Jordan restores Temple Mount pulpit

Israel coordinates move with Amman as gesture to King Abdullah.

temple mount 224.88 (photo credit: Areil Jerozolimski [file])
temple mount 224.88
(photo credit: Areil Jerozolimski [file])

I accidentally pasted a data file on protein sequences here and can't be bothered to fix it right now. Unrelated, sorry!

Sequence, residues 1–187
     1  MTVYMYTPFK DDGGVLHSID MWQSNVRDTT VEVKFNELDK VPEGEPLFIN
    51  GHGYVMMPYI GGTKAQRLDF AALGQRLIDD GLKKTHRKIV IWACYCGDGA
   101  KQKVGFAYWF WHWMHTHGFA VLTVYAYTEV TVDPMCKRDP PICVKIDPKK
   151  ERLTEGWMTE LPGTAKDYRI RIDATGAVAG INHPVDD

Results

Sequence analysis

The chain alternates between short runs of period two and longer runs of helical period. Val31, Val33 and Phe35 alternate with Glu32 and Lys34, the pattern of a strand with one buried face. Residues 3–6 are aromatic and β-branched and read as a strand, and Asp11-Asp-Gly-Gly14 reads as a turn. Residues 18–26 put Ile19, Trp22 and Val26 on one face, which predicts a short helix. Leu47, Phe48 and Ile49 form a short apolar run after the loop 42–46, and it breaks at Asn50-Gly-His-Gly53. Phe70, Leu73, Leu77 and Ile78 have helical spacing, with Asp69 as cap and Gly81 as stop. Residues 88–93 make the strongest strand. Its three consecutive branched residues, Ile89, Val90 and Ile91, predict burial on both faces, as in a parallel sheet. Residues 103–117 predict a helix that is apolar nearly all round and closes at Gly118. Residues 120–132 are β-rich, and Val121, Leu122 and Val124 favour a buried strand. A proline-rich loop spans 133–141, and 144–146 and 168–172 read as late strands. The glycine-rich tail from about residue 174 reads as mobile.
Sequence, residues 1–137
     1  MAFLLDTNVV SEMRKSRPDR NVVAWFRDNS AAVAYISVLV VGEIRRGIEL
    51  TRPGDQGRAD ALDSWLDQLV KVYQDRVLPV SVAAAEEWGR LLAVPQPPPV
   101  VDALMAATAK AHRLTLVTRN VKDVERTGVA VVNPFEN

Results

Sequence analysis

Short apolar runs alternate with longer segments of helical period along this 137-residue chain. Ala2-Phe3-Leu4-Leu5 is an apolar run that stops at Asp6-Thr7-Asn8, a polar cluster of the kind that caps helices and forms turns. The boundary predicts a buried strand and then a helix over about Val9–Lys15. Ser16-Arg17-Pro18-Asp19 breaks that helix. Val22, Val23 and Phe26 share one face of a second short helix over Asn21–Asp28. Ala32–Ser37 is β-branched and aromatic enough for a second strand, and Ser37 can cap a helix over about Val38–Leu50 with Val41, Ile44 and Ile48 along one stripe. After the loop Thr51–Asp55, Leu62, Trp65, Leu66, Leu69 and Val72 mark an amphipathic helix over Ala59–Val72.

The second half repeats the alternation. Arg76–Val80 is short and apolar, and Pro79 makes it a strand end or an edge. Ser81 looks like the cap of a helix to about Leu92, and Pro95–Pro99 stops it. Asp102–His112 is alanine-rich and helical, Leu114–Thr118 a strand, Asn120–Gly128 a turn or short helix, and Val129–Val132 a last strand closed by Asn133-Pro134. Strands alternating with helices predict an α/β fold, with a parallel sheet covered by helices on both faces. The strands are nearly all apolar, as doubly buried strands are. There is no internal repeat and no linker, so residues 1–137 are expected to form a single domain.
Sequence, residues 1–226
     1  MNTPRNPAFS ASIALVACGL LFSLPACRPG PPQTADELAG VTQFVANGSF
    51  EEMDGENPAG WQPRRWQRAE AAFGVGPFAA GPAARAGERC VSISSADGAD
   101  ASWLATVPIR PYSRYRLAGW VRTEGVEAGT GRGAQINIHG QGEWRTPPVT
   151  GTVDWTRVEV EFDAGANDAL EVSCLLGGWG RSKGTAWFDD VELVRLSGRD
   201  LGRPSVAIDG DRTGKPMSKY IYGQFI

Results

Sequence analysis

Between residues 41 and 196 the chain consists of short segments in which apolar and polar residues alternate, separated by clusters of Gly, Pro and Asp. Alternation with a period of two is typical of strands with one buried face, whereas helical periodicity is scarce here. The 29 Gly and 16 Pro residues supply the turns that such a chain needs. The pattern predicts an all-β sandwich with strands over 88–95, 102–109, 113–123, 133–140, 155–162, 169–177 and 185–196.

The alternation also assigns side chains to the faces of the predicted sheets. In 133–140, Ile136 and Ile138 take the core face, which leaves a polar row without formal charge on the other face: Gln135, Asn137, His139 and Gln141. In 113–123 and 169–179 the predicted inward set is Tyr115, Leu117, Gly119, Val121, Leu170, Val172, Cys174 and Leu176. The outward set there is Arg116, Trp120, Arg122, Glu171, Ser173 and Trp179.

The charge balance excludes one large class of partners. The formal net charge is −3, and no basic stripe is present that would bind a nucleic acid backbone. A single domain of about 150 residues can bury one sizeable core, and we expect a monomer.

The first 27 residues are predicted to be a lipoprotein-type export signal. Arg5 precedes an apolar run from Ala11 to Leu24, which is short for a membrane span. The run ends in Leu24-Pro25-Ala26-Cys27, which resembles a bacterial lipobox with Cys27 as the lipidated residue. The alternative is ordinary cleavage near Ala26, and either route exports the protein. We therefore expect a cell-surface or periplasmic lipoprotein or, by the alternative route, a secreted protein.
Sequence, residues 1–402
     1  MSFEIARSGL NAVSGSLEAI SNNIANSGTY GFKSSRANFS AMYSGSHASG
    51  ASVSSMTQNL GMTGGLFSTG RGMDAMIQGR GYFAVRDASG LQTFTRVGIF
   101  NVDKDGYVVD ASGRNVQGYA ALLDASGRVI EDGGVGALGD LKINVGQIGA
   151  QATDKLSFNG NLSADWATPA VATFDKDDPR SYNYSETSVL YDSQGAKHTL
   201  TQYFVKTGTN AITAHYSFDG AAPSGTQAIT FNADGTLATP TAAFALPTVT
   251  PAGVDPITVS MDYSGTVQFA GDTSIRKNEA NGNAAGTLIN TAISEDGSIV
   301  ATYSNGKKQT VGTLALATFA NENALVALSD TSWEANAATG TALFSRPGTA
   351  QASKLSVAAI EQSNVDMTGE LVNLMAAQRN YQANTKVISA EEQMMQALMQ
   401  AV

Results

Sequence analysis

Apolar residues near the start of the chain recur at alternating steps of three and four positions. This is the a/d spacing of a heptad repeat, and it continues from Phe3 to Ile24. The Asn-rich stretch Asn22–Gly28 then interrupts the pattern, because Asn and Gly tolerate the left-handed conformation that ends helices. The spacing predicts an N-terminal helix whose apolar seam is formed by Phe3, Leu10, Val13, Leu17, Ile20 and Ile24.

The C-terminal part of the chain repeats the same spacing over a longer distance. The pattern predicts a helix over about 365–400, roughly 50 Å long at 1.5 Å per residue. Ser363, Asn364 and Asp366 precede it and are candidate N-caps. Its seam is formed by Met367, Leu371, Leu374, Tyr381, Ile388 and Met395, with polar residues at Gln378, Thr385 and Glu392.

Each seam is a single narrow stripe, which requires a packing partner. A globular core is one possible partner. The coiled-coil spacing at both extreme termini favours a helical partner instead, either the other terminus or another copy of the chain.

An ornate wooden pulpit on Jerusalem's Temple Mount that was destroyed nearly four decades ago by a deranged Christian tourist has been completely restored, Israeli and Jordanian officials said Thursday. The pulpit, which was demolished in a 1969 fire set by the Christian tourist on the Temple Mount, has been remade and transported to its original location next to the Aksa mosque this week, the Foreign Ministry said in a statement. The new pulpit, which towers six meters high, four meters long and one meter wide and includes 18 steps, was made of Turkish hard wood and Sudanese ivory, Dr. Raief Najim, the vice president of the Jordanian Construction Committee who has been involved in several recent Temple Mount projects, said in a telephone interview from Amman. He added that the pulpit, which weighs several tons, took Jordanian craftsmen three years to design, and four years to manufacture. The pulpit arrived in Jerusalem this week from Amman in 25 packages spread out on six trucks, and was brought up to the Temple Mount late Tuesday night in a move coordinated with Israeli officials. Wakf officials said that it will take a couple of weeks to install the pulpit at the site. The original 800-year-old inlaid cedar wood pulpit had been donated to the mosque by Salah al-Din in 1178 CE. It was destroyed on August 21, 1969, when Michael Dennis Rohan, a tourist from Australia and a member of the "Church of God," a Protestant sect, set fire to the mosque in an attempt to hasten the coming of the Messiah. He was judged insane and deported by Israel. The Foreign Ministry said that the new pulpit was brought to its former location as a gesture to Jordanian King Abdullah II, who initiated the restoration project, due to the close cooperation between the Jewish state and the Hashemite Kingdom. According to decades-old regulations in place at the Temple Mount, Israel maintains overall security control at Judaism's holiest site, while the Wakf, or Islamic Trust, is charged with day-to-day administration of the ancient compound, which is also Islam's third-holiest site. Over the last six years of Palestinian violence, Israel has been keen to involve the Jordanians in the ongoing repair work on the Temple Mount, with the Jordanians considered to be more moderate compared to the Palestinian heads of the Wakf appointed by the late Palestinian leader Yasser Arafat on his return to the West Bank last decade. Meanwhile, the Jordanians are pressing ahead with plans to construct a fifth minaret on the Temple Mount, Najim said, with officials currently working on its design. The planned minaret, which will be constructed on the eastern wall of the Temple Mount near the historic Golden Gate, will tower 42 meters high and will be the highest of the four previous minarets erected at the Jerusalem holy site and the first since Ottoman times. Israeli authorities have not objected to the plan to date, although it has been condemned by leading Israeli archeologists as a blatant violation of the status quo at the site. Separately, the Israel Antiquities Authority has started a salvage excavation in an archeological garden adjacent to the Temple Mount ahead of the planned construction of a new bridge leading up to the Mughrabi Gate. The planned construction of the bridge has set off a new archeological dispute in Israel, with dozens of leading archeologists slamming the current proposal which would see the bridge constructed through one of the most significant archeological parks in Israel and the world. The current controversy over the bridge has served to temporarily overshadow the Jordanian plans to build the minaret on the Temple Mount.